Last year, I interviewed Cheryl Mahoney about her debut release, The Wanderers. This year, we’re back with an interview centring on her second book, The Storyteller and Her Sisters! (I had the privilege and pleasure of being one of Cheryl’s betareaders. I’ve been sitting on my squee for so long. SQUEE! Suffice to say that if you enjoy fairytale retellings, I recommend you go out and get this as soon as possible. It’s a fantastic retelling of The Twelve Dancing Princesses.)
Before we get to the interview, here’s a little bit about Cheryl herself:
Cheryl Mahoney is a book blogger at Tales of the Marvelous, and the author of two books based on fairy tales. The Wanderers, published in 2013, follows the journeys of a wandering adventurer, a talking cat and a witch’s daughter. Her new novel, The Storyteller and Her Sisters, was published in October, 2014.
And here’s a bit about The Storyteller and Her Sisters too. Have the product description. ^_^
Maybe you’ve heard a tale about twelve princesses who danced their shoes to pieces. That was only part of our story.
Talya would tell you how dark and frightening the cursed forest and enchanted lake were. Vira would be too busy looking after us all to tell you many details, while Mina would try to give you every fact and figure (even though magic is rarely so logical). Each of my sisters would tell the story differently.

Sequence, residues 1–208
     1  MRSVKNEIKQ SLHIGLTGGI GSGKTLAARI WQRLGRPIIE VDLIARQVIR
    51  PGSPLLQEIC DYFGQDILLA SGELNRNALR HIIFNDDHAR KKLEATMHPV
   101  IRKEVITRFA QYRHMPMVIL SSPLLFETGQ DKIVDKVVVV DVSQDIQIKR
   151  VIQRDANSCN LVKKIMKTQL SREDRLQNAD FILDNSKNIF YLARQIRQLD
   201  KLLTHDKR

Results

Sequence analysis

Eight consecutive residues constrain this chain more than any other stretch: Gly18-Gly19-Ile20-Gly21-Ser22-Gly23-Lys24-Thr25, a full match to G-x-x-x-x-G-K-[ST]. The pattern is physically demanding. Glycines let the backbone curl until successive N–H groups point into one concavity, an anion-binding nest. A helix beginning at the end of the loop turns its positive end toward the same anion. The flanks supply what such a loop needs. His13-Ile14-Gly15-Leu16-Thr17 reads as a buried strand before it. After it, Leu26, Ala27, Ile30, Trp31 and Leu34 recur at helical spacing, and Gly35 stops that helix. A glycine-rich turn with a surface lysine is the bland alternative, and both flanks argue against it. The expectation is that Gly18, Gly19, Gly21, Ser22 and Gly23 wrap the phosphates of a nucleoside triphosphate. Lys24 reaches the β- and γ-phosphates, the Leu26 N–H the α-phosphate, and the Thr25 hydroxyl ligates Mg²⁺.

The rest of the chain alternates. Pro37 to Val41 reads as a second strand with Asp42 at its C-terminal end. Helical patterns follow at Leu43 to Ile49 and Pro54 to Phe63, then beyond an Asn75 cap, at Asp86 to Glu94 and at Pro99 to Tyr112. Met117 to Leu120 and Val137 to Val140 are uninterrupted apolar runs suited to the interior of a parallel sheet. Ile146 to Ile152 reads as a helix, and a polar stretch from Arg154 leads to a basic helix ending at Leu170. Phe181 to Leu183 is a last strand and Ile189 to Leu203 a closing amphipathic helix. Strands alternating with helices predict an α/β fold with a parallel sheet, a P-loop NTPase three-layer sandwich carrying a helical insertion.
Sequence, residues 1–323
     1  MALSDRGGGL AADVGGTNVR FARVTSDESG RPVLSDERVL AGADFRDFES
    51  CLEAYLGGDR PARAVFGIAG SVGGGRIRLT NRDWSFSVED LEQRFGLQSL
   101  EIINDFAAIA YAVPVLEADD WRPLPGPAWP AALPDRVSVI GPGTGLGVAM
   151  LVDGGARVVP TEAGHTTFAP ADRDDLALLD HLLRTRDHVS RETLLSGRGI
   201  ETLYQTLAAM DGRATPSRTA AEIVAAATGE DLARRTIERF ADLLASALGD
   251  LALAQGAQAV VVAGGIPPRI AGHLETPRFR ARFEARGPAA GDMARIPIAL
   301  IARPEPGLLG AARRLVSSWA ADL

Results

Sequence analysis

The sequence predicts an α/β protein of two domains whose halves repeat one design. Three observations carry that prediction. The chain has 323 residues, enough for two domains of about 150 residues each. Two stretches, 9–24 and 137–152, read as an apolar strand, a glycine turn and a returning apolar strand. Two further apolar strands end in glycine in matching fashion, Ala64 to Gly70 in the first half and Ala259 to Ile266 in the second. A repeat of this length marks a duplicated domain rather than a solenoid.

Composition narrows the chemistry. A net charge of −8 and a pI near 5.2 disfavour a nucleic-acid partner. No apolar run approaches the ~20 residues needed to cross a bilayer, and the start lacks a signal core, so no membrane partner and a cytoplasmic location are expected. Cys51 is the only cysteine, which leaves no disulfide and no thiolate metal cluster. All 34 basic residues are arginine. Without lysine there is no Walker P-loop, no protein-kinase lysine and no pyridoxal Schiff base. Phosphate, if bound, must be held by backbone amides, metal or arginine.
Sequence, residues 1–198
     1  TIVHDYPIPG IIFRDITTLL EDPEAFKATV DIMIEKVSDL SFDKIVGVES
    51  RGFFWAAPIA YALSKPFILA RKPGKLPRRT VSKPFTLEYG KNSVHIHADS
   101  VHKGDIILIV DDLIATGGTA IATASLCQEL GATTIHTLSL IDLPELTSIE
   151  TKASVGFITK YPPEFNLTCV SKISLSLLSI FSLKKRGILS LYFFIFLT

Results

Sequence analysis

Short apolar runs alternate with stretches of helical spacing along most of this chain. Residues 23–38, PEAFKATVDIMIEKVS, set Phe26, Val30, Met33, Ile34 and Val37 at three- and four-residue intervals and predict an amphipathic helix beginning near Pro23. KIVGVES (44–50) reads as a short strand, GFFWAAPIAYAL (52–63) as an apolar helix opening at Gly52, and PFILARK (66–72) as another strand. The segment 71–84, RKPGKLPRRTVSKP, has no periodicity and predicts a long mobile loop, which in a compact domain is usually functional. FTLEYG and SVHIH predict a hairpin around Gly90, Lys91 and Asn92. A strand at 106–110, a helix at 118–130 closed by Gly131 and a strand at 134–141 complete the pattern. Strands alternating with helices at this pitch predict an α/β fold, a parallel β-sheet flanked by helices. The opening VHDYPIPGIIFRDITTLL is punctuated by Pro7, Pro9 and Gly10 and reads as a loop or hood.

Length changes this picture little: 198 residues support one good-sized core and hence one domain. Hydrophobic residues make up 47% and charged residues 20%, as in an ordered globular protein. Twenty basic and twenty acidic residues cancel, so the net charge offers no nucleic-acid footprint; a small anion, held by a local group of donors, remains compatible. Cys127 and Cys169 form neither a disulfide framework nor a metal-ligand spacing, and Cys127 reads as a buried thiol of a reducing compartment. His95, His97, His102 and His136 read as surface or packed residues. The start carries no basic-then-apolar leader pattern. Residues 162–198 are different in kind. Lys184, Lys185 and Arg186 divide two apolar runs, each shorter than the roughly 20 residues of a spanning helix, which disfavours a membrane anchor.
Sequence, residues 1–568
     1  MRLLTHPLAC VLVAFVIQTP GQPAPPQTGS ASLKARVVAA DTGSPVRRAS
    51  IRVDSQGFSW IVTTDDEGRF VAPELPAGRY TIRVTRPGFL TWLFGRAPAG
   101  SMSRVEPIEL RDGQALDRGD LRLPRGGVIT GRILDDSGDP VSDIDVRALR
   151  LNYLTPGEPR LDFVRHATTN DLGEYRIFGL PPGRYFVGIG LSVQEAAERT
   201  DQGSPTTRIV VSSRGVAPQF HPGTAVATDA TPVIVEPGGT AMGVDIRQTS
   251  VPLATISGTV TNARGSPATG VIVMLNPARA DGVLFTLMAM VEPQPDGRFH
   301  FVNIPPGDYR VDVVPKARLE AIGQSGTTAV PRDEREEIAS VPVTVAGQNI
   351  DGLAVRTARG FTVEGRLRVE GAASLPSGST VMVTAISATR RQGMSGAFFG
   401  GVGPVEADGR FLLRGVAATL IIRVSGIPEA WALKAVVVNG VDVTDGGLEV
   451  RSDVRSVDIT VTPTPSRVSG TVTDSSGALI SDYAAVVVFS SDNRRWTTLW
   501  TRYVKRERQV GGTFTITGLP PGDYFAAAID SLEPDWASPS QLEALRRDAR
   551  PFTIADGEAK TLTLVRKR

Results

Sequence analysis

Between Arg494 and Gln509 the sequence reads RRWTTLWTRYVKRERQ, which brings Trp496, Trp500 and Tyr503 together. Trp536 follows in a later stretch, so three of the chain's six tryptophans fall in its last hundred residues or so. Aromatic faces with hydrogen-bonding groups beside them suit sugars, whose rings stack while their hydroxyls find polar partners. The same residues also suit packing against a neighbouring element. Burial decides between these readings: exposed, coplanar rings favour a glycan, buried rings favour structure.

And Dastan—he’d write a ballad. Or maybe a love song.
As for me, I’m the storyteller, so I’m giving you my version. It’s about my sisters and me, our father, twelve princes and a cursed country—about a series of misguided champions, one even more misguided Fairy Godmother, and a great deal of dancing. It’s about twelve trapped princesses who decided to take control of the story.
I’m Lyra, the ninth princess, and this is how I tell the tale.
<3 And now, without further ado, below the cut lies the interview with Cheryl. Enjoy!
CM: I’ve been calling this a companion novel, rather than a sequel, because it’s set chronologically during the same time period, and the books can be read in either order. The Wanderers is a series of adventures, and one of them involves twelve princesses who are mysteriously wearing their dancing slippers out. Storyteller turns the point of view around, and we get to see what’s happening from the princesses’ point of view. We find out much more about the girls, their father, and the twelve princes they’re dancing with every night.
The plot is based on the Brothers Grimm story, “The Shoes That Were Danced to Pieces.” But because it’s me 🙂 I wanted to give the princesses much more power and agency than the fairy tale did. My princesses aren’t victims being forced to dance—they’re making choices and trying to achieve something…but I’ll keep it vague to not give too much away.
It’s a story about sisters, about romance and of course, about stories!
LEO: When did you decide to write a companion to The Wanderers?
CM: I came up with the idea for a new twist on the princesses’ fairy tale while I was writing The Wanderers. I was trying not to be distracted, so I decided to take the idea and weave it into my current project. It became the longest chapter (and the one people most frequently cite as their favorite!)